Trust, rejection of power, and setting standards that represented authentic goals rather than schoolwork are apparent in the kind of syllabus the best teachers tended to use. This “promising syllabus,” as we dubbed it, had three major parts. First, the instructor would lay out the promises or opportunities that the course offered to students. What kinds of questions would it help students answer? What kind of intellectual, physical, emotional, or social abilities would it help them develop? That section represented an invitation to a feast, giving students a strong sense of control over whether they accepted. Second, the teacher would explain what the students would be doing to realize those promises (formerly known as requirements), avoiding the language of demands, and again giving the students a sense of control over their own education. The would decide to pursue the goals on their own, without taking the course, but if they decided to stay in the class, they needed to do certain things to achieve. Third, the syllabus summarized how the instructor and the students would understand the nature and progress of their learning. This was far more than an exposition of grading policies; it was the beginning of a dialogue in which both students and instructors explored how they would understand learning, so they could both make adjustments as they went and evaluate the nature of learning by the end of the term.
— Ken Bain, What the Best College Teachers Do, 74-75.

Christine Courtade Hirsch, Assistant Professor of Communication at SUNY Oswego, changed her syllabus after attending a workshop with Ken Bain.  Overall she had a  very positive experience. Importantly, she reminds her readers in her written reflections on the experience that the course has to be in line with the promises articulated in the syllabus. She recommends six strategies for implementing the values of the promising syllabus into the communications classroom over the course of the semester:

  1. Emphasize the different focus of the course;
  2. Offer a foundational vocabulary,
  3. Facilitate learning through careful listening in discussion and developing grading rubrics with students,
  4. Be prepared to let students make decisions,
  5. Ask a question for which you do not have answers,
  6. Require a major project that allows students to illustrate what they know. (Hirsch 2010)

To read more about it, and see part of Hirsch’s syllabus, you can read her article in Communication Teacher vol. 24 (2010) 78-90.


Bain, Ken. (2004). What the Best College Teachers Do. Cambridge, MA: Harvard UP.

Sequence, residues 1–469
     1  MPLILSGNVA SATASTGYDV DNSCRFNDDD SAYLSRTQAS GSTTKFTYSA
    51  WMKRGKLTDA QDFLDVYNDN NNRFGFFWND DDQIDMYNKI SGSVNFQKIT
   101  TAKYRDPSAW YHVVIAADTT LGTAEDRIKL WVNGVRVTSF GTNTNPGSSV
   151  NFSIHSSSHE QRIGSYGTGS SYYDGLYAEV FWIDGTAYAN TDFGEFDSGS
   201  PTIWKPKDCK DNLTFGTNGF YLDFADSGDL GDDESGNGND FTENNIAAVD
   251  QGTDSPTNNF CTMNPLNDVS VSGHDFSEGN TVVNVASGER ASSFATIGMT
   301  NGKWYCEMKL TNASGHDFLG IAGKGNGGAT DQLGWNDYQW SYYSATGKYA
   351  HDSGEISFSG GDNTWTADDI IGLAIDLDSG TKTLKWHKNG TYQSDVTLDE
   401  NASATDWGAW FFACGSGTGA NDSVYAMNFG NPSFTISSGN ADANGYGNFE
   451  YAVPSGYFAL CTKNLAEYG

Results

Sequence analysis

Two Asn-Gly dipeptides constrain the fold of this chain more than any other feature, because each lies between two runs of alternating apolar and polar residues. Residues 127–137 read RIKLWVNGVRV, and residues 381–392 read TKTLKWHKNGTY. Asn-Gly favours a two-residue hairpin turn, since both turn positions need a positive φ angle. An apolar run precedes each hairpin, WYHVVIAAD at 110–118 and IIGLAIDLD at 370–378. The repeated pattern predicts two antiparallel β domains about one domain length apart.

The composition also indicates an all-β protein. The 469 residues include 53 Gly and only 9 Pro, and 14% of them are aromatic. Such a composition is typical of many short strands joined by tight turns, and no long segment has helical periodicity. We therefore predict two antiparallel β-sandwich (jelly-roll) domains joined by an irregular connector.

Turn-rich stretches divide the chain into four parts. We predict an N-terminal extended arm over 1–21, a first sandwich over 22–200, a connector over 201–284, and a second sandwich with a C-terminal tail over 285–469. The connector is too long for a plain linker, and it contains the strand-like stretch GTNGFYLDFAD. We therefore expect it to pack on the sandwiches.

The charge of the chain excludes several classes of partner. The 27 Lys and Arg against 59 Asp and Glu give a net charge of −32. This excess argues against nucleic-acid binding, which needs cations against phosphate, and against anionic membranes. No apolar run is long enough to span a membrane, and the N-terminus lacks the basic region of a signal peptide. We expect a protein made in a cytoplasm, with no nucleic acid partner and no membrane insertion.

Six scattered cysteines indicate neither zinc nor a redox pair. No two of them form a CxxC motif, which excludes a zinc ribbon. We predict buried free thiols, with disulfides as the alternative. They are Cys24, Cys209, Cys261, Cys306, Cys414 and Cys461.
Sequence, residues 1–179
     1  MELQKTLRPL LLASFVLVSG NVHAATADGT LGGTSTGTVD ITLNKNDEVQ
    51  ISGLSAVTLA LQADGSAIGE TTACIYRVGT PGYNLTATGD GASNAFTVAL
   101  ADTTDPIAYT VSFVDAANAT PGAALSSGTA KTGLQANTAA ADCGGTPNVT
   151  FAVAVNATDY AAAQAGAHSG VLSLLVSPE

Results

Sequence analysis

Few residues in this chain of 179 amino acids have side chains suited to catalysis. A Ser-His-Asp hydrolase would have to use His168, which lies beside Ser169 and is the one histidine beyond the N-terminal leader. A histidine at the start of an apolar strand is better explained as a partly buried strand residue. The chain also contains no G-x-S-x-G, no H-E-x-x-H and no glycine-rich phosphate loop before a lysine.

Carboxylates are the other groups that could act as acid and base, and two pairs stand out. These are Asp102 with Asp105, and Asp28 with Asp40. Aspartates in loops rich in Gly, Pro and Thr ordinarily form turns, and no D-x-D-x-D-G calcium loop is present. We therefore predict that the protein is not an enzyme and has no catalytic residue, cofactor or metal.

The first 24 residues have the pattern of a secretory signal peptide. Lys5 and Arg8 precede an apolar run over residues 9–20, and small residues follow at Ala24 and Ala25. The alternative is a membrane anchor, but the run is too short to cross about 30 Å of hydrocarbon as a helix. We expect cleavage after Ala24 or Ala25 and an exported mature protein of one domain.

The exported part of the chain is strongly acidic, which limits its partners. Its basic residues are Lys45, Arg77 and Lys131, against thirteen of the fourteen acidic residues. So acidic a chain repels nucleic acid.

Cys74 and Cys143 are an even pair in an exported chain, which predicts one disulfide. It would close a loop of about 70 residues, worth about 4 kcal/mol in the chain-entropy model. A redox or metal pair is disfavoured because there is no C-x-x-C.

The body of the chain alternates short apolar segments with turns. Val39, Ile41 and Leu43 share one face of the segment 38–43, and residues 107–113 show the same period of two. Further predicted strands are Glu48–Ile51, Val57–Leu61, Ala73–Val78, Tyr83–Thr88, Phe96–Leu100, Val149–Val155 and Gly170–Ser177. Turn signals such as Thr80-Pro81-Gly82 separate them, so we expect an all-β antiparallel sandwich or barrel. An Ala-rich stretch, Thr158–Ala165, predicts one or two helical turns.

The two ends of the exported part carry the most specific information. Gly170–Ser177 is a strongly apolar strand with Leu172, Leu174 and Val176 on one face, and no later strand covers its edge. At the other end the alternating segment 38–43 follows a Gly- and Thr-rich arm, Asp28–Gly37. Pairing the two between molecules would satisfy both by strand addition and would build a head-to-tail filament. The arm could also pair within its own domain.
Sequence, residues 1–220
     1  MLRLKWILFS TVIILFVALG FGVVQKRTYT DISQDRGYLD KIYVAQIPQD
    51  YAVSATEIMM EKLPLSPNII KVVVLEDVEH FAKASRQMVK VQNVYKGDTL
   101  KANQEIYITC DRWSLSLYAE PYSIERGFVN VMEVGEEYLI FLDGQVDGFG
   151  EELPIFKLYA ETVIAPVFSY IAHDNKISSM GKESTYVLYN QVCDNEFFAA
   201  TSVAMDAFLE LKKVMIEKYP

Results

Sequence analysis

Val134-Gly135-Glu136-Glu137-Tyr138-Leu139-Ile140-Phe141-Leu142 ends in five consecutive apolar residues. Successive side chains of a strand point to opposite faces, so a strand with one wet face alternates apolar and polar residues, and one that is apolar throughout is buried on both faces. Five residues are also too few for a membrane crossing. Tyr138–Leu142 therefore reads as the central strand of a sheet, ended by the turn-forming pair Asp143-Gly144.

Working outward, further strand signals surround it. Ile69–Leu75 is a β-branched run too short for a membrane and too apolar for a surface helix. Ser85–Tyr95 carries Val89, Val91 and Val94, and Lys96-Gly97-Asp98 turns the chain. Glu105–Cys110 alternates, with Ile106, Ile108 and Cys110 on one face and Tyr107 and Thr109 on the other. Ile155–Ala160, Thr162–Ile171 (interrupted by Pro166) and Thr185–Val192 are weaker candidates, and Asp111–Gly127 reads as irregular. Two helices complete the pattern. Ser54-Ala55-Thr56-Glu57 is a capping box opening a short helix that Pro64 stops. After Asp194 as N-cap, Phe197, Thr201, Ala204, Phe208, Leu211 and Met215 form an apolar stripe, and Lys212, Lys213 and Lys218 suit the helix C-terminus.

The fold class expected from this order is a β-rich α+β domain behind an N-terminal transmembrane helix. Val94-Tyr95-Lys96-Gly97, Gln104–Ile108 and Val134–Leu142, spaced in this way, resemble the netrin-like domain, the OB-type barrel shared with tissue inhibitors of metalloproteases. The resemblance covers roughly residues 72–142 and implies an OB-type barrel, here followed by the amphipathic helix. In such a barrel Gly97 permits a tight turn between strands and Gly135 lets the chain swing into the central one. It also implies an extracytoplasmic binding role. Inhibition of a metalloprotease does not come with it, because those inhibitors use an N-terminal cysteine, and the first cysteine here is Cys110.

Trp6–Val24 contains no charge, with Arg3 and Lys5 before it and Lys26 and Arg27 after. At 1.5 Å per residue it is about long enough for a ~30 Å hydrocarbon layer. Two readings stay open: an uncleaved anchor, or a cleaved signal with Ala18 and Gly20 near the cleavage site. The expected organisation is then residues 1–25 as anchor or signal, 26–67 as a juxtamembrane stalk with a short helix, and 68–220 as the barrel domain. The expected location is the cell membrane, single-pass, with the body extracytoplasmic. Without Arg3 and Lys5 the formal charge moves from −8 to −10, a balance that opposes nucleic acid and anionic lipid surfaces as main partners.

Doolittle, Peter and Danielle L. Lusk. (2007).  “The Effects of Institutional Classification and Gender on Faculty Inclusion of Syllabus Components.” Journal of the Scholarship of Teaching and Learning, 7, 62-78.

Drake, P. (2014). Is your use of social media FERPA compliant? EDUCAUSE Review, 49:1. Retrieved from

Gross Davis, Barbara. (2009).”The Comprehensive Course Syllabus.” Tools for Teaching, 2nd Ed. San Francisco: Jossey-Bass. 21-36.

Grunert O’Brien, Judith, Barbara J. Millis and Margaret W. Cohen. (2008). The Course Syllabus: A Learning-Centered Approach, 2nd Ed. San Francisco: Jossey-Bass.

Hara, Billie. (2010). “Graphic Display of Student Learning Outcomes.” Profhacker.

Harnisch, Richard J. and K. Robert Bridges. (2011).  “Effect of Syllabus Tone: Students’ Perceptions of Instructor and Course.” Social Psychology Education, 14, 319-330.

Hirsch, Christine Courtade. (2010). “The Promising Syllabus Enacted: One Teacher’s Experience.” Communication Teacher, 24, 78-90.

Ludwig, Matthew A., Amy Bentz, and Herb Fynewever. (2011). “Your Syllabus Should Set the Stage for Assessment for Learning.” Journal of College Science Teaching 40, 20-23.

Nilson, Linda B. (2007). The Graphic Syllabus and the Outcomes Map: Communicating Your Course. San Francisco, Jossey-Bass.

Saville, Bryan K., Tracy E. Zinn, Allison R. Brown, and Kimberly A. Marchuk. (2010). “Syllabus Detail and Students’ Perceptions of Teacher Effectiveness.” Teaching of Psychology, 37:3, 186-189.

Wasley, Paula. (2008). “The Syllabus Becomes a Repository of Legalese.” The Chronicle of Higher Education. ; Section: The Faculty 54:27, A1.